TREASON IS A MATTER OF DATES: Constitutionalist Response to a Jomhurykhah Query

If Anyone owes an Apology to Iranians 32 years on it's You Namak Nashnas Lots !

Ebrahim Golestan: "The Shah's Coronation Made Me Wanna Vomit" (BBC)

FINALLY GETTING IT RIGHT: Shirin Ebadi say's "I Don't believe in an Islamic Declaration of Human Rights"

DEATH - VERTISING ? Mehrangiz Kar Claims Husband was No More a Monarchist

VOA Doh Roozeh Aval with Abdol Karim Lahidji on the IRI Constitution

SHEKAYAT KOJA ? Akbar Ganji say's Iran has less than 1000 Political Prisoners

REPUBLICAN OFFSPRING: Ali Akbar Hashemi Rafsanjani in Savak Prison (1970's)

REPUBLICAN OFFSPRING: Massoud Rajavi at Tehran University during Presidential Campaign (1980)

I Rest my Case !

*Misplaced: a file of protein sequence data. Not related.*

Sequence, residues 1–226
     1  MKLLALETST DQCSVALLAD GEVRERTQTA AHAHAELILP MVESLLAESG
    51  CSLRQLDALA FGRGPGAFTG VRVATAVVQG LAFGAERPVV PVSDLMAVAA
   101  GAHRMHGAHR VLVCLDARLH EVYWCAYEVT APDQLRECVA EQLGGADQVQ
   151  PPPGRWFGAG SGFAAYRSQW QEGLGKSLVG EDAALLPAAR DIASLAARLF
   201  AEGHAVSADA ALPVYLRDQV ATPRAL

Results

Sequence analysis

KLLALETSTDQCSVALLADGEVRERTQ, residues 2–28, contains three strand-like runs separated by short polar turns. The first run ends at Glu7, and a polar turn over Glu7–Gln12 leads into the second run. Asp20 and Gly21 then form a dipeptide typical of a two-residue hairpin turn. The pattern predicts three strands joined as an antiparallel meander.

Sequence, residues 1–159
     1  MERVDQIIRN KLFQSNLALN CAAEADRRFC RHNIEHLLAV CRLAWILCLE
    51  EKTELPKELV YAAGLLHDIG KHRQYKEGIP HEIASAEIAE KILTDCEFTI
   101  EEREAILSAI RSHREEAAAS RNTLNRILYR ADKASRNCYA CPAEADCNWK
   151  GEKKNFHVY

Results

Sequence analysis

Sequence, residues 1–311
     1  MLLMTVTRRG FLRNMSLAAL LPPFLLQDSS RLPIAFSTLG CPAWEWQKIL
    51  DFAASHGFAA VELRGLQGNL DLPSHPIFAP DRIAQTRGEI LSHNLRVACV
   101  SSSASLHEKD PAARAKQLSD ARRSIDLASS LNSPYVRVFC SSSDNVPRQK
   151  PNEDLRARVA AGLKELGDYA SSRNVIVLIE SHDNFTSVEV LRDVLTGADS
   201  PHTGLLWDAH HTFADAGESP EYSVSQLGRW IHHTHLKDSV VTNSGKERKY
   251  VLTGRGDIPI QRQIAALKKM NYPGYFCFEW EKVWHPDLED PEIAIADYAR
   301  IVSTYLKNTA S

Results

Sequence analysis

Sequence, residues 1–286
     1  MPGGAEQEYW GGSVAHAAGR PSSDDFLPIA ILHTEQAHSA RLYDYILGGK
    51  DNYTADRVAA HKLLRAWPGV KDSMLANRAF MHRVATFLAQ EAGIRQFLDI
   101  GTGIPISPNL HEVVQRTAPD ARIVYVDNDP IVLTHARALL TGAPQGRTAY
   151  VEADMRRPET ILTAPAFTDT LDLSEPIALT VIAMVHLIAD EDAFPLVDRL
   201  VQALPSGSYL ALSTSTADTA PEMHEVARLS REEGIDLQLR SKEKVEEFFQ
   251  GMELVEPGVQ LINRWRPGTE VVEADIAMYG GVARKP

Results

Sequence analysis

Words For Eternity ...



oh yes.....

by shushtari on

what a wonderful 'analysis'!! LOL

when I read then line, 'the british decided to leave the middle east...'

I knew the rest of this would be nonsense.

these are the facts:

-the shah began to stand up the west, fighting for iran to get it's fair share of oil sales.....and did not renew the 25 year contract giving the brits another 25 years to rape iran.....that's when they decided to topple him

-as early as 1975, palestinian terrorists were training khomeini's mercenaries and assassins and planning their takeover of iran


and on and on...

the americans used the shah just like they used mubarak in egypt.....they got rid of him when he began to stand up for iran....


an idiot like khomeini would never be able to take over a vast country like iran without the help of foreigners.....this is a fact, and not a conspiracy theory.

so much for your analysis